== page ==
This condition occurs when there’s a problem with a major muscle in the neck, the Sternocleidomastoid (SCM). This muscle turns and tilts the head. In torticollis, One side of the SCM is short and strong, while another is long and weak. The Baby’s head may tilt to one side only if this occurs.
Now let us take a look at some tips for the safe sleeping of your baby.
Safe Sleeping Tips For Babies
The following tips will help you prevent SIDS in addition to following the AAP’s recommendations on baby sleeping positions:
- Make sure your baby sleeps on their back
The best position for healthy babies is this one. Sleeping on the side or stomach increases the risk of SUDI, including SIDS, and fatal sleeping accidents.
Keep putting your baby to sleep on their back once they are able to roll over (around 4-6 months), but let them find a sleeping position that they prefer.
- When babies are sleeping, make sure their heads or faces aren’t covered
Put your baby’s feet near the bottom end of the cot so they are low down. Make sure the bed sheets don’t cover the baby’s head. You could use a sleeping bag rather than blankets for an infant.
- In a crib or bassinet, leave baby alone
The baby needs to sleep alone on her back without bumpers, stuffed animals, blankets, or pillows.
- Stop swaddling before baby rolls
Always swaddle the baby on her back, and use the correct swaddling technique (don’t worry, it’s simple once you know it). When your baby begins rolling over (or is trying to), which usually happens around 3 to 4 months, you should stop. Older babies who can wriggle out of swaddling pose a threat of strangulation or suffocation.
- Dress your baby in warm clothing that isn’t hot
Skip the socks, hats, and other accessories and put your baby in a basic layer like a one-piece sleeper. Sleepsacks and swaddles are better than blankets. The temperature will be comfortable – but not too warm.
No worries about turning up the heat. The ideal room temperature is 68 to 72 degrees Fahrenheit. If your baby feels too hot, feel her nape and see if it is swollen or red. Sweating is a sign that she’s too hot.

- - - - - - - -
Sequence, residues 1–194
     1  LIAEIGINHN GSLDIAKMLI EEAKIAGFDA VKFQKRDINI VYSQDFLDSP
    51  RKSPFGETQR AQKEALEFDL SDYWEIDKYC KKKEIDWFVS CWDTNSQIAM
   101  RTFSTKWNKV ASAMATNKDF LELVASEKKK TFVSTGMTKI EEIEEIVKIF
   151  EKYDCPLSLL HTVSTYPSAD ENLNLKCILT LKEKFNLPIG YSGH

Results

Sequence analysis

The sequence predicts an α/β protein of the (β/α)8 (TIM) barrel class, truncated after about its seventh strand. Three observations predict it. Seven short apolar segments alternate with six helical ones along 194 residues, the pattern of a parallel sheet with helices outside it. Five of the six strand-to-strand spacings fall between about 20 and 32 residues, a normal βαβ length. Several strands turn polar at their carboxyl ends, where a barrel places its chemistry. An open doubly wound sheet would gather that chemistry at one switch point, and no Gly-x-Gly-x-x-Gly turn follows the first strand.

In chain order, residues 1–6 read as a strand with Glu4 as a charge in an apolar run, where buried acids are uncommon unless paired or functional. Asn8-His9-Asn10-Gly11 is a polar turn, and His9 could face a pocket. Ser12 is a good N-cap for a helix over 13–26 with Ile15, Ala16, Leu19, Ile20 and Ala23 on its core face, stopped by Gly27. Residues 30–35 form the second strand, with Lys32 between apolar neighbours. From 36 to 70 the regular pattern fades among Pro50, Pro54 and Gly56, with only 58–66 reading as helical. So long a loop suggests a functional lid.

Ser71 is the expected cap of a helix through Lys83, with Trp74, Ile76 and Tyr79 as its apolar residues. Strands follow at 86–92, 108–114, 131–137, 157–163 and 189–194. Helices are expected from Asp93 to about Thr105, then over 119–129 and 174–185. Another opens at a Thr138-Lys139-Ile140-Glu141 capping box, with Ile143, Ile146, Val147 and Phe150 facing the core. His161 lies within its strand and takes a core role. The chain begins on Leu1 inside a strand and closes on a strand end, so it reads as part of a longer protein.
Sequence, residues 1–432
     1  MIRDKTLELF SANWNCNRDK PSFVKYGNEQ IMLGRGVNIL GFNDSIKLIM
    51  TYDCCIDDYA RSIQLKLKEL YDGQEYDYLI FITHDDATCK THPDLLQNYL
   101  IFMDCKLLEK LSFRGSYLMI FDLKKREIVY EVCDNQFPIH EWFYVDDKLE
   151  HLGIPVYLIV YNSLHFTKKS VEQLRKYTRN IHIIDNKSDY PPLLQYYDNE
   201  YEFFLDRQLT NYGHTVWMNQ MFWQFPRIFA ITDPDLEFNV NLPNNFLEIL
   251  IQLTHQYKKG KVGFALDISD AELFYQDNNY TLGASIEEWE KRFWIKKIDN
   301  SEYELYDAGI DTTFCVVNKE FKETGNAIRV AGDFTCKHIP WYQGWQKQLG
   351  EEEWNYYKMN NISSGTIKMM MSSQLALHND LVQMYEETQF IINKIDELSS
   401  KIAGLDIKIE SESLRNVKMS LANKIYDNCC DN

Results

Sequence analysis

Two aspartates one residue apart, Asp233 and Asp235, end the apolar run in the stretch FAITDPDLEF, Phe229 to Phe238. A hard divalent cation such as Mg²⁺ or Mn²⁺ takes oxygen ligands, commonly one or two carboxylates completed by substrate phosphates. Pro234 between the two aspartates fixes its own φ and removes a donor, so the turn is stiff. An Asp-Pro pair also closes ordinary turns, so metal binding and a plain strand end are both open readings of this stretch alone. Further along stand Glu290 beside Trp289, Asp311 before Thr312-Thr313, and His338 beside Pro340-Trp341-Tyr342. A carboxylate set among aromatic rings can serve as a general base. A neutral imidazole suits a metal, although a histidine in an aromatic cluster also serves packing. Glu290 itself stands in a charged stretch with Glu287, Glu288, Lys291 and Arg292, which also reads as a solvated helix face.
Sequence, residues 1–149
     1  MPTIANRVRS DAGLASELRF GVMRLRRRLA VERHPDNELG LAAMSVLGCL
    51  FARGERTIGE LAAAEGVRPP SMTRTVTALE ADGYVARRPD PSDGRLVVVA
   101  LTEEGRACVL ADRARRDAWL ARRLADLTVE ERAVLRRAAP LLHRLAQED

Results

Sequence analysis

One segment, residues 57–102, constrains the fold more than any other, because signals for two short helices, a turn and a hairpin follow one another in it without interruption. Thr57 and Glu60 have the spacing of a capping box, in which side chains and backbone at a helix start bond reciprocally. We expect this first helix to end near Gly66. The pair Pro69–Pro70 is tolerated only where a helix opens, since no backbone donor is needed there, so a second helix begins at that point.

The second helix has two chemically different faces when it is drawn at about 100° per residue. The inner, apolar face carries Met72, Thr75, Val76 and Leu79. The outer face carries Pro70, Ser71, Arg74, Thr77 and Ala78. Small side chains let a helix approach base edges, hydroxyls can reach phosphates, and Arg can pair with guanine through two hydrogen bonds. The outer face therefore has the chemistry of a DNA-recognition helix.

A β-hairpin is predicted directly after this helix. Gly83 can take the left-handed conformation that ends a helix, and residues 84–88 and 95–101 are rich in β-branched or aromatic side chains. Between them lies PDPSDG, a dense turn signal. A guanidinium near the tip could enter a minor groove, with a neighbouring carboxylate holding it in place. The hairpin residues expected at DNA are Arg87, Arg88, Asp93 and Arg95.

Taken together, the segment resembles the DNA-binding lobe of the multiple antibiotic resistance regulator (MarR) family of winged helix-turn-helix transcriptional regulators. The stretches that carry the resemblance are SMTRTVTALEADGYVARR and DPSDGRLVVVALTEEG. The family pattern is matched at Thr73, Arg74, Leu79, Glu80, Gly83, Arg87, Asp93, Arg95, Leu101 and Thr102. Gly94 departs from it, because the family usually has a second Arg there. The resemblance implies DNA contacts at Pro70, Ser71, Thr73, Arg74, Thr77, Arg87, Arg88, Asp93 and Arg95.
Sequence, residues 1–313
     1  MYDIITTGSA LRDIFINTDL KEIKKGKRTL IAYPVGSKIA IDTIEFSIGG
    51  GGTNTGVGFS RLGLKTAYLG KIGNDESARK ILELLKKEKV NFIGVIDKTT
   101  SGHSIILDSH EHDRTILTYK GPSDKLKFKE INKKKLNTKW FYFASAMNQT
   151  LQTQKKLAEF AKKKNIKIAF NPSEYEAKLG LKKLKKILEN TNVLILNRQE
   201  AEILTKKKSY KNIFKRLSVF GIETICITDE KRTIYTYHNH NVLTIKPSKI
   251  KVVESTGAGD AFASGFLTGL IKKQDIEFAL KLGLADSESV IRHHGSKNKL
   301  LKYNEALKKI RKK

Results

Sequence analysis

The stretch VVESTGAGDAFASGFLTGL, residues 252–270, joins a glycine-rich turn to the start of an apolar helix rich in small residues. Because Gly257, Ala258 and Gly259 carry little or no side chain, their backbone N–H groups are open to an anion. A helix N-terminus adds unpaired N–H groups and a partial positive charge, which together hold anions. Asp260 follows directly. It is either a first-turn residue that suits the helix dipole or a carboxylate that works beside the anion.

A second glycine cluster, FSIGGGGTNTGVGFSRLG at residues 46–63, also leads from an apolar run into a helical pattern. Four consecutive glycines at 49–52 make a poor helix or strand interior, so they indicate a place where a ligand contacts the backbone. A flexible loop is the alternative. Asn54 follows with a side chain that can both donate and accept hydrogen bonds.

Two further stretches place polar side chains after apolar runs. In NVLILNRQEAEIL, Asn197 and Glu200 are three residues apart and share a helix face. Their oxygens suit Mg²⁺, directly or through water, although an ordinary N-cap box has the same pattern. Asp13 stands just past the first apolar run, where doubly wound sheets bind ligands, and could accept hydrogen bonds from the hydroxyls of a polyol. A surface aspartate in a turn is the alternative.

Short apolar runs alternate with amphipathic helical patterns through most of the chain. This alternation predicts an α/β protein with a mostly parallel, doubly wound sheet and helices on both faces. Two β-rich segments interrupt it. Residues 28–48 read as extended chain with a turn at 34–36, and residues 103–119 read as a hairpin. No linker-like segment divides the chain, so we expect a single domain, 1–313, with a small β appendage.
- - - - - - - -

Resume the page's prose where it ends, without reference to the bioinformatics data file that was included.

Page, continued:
When Can Babies Sleep on Their Stomachs?
If your baby can roll onto his stomach while sleeping, you can let him do so. At this point, his risk of SIDS will be highly reduced. Although, it is advisable to continue putting him down to sleep on his back until he turns 1 year old.
Is It Ok For Babies To Sleep On The Side For 2 Months?
Babies should not sleep on their side at 2 months old. Babies who are too young to support their heads may become stuck against the mattress, making breathing difficult. Infants younger than 1 year of age should always sleep on their backs – never face down or lying on their side. The risk of SIDS increases when a baby sleeps on their stomach or side.
Can Baby Sleep On The Side While Supervised?
According to the American Academy of Pediatrics, your baby should be able to roll over on their own so that they can sleep on their side. But the American Academy of Pediatrics recommends that parents put their babies on their backs until they reach the age of one because sleeping on the back reduces the risk of SIDS.
Does A Baby’s Flat Head Correct Itself?
The flathead fixes itself as the baby grows. This happens because as your baby’s head grows and her gross motor skills improve, her head shape will naturally improve.